Education and training play a crucial role in secure code writing, says Howard Schmidt, CEO of R&H Security Consulting in Issaquah, Wash. and a former White House cybersecurity advisor.
The onus is on software companies to ensure they either hire code developers trained in secure code authoring or provide themselves the necessary training needed by programmers so that they are able to write more secure code, he says.
One professor at the University of Ottawa believes that, while educational institutions are producing more IT graduates who know how to code secure software, there is still a “great distance to go.”
The University of Ottawa’s software engineering program educates undergrads on secure coding through a course called Design of Secure Computer Systems, says computer science and software engineering professor Timothy Lethbridge.
But while the course is compulsory for software engineering undergrads, it is merely an elective for computer science students, Lethbridge says. He explains that’s because computer science programs encompass many scientific fields, a student that majors in artificial intelligence, for instance, may see no need to take the secure coding course.
Still, many computer science undergrads choose to take the course, he says.
“Many students take it because they know that security is important and it will help them get a job,” Lethbridge says.
The course includes training in security policies, mechanisms and awareness, physical security, user authentication, application security mechanisms, encryption, external and internal firewalls, security of operating systems and software, devices for security analysis and ethical issues in computer security.
Meanwhile, more students at the University of Waterloo are taking courses in writing secure software, says Urs Hengartner, assistant professor at the university’s David R. Cheriton School of computer science.
A Network and Security course, for example, is being taught to 200 students enrolled this term, while Applied Cryptography has 130 students enrolled every year, Hengartner says.
“Students are looking for more security courses. [The Applied Cryprography instructor] told me that if we had a real security course, up to half of the students would probably take that course instead of the Applied Cryptography course,” Hengartner says.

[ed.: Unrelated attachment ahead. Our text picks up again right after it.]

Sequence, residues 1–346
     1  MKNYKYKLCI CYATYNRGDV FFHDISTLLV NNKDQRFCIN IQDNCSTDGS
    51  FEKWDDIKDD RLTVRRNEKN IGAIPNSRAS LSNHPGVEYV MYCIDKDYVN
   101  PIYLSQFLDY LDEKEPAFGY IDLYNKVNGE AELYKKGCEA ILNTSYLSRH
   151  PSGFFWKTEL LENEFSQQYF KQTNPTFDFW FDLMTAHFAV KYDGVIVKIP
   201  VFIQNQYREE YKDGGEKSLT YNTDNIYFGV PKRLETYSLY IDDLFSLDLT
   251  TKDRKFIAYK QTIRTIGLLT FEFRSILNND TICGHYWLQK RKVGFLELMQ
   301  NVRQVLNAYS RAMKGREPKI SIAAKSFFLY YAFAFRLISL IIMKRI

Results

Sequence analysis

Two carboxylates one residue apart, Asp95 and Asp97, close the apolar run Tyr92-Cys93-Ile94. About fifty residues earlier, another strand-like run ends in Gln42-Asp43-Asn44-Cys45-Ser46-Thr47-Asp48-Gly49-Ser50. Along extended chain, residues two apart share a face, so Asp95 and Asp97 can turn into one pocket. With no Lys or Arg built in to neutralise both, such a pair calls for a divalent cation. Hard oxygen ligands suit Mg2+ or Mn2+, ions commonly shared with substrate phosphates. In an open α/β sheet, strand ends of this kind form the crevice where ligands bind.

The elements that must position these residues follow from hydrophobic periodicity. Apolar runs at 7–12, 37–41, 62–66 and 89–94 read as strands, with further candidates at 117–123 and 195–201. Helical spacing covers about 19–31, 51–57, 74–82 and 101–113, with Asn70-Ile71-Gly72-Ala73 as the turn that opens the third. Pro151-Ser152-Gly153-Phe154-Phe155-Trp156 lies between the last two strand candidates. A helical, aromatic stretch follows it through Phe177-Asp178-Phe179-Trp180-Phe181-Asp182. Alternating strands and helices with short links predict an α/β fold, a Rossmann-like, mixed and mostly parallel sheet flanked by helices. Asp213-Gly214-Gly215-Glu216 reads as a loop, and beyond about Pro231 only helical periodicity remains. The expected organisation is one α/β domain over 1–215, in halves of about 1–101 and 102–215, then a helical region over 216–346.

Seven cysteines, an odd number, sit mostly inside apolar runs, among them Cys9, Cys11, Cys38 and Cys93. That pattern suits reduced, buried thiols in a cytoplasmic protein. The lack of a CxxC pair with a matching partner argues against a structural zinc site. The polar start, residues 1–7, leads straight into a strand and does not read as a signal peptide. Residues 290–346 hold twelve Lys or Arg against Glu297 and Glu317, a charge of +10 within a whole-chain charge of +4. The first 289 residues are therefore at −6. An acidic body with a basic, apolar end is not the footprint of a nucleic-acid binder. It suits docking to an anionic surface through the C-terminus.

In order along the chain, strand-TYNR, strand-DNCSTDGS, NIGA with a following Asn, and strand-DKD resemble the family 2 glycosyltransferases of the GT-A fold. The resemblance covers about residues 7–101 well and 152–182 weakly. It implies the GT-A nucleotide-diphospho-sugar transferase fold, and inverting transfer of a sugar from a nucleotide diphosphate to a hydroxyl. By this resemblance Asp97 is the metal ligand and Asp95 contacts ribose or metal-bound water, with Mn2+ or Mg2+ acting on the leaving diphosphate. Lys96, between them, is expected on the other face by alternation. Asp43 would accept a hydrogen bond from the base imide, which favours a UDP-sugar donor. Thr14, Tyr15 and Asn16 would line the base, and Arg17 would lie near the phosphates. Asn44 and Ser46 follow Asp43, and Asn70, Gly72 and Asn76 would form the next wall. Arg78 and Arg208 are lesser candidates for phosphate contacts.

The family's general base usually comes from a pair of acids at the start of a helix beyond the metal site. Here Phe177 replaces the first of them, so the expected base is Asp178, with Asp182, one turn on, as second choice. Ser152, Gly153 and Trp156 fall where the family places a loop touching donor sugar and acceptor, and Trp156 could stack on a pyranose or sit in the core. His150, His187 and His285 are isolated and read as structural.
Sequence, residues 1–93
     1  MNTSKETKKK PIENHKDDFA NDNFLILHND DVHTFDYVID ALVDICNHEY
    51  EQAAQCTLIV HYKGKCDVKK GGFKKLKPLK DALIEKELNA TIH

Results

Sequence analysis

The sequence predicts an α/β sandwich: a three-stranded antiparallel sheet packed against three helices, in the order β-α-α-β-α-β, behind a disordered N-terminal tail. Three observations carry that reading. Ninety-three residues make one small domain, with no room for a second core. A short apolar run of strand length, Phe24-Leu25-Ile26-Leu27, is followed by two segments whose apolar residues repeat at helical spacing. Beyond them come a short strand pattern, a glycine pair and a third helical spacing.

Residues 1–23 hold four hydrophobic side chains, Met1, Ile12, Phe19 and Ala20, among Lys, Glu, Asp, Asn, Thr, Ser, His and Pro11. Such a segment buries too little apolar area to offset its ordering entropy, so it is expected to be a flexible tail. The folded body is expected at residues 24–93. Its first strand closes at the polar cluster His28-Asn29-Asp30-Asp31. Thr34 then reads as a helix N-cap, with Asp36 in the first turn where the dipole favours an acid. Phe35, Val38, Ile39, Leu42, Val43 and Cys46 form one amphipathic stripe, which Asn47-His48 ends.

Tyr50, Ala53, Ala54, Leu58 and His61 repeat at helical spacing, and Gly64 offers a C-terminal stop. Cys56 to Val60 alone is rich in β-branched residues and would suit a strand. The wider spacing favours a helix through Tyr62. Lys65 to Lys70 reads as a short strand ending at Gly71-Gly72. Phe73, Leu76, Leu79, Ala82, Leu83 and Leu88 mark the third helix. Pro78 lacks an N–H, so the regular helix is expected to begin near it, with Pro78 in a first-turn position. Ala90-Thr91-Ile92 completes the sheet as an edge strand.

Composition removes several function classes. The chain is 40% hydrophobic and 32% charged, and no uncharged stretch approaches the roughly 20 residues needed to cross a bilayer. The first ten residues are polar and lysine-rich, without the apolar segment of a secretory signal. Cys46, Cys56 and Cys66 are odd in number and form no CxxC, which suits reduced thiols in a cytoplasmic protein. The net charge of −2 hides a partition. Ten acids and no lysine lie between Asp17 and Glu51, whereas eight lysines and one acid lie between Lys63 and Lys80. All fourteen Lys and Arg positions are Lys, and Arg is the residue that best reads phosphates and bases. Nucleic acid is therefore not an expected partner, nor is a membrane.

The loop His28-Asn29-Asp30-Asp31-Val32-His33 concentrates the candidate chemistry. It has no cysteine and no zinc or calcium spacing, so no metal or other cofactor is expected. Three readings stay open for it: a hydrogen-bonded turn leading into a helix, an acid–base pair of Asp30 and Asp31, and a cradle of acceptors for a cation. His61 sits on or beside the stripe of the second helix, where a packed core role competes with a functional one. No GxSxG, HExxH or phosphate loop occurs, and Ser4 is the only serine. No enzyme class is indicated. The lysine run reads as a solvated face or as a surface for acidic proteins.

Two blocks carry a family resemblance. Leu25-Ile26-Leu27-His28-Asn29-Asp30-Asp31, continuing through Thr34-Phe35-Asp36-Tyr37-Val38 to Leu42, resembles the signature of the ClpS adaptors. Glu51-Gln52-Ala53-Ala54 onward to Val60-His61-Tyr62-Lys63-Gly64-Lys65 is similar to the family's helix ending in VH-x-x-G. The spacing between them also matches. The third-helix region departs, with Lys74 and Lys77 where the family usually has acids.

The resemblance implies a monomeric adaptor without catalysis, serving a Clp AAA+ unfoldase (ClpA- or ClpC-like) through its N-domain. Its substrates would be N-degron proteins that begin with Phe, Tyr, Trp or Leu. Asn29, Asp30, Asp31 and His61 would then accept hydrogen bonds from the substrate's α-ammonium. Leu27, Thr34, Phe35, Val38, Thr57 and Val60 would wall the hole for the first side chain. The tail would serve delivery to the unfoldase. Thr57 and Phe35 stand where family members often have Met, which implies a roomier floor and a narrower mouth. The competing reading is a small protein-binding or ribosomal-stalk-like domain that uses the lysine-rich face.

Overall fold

The University of Waterloo’s Developing Programming Principles course for software engineering undergrads also provides insight into secure coding practice, covering topics such as tracing and debugging.
In Software Testing and Quality Assurance students learn how to build a reliable system through lectures on structural and functional testing, integration and system testing, software reliability and quality assurance.
While students in Waterloo get knowledge on secure programming, Hengartner believes “we can definitely do better.” He says the university is planning to hire more faculty staff to teach software security and design more security-related courses.
The university plans to introduce an additional security course on an experimental basis to determine whether there is sufficient interest among students.
Likewise, existing software developers should undergo regular refresh training in order to upgrade their knowledge on secure code practices and techniques, Lethbridge says.
“Security, usability and reliability are needed to improve the software infrastructure,” he says. “Unfortunately, my experience in the industry is that, at the moment, the amount of training that they do on the workforce is not as deep as it should be.”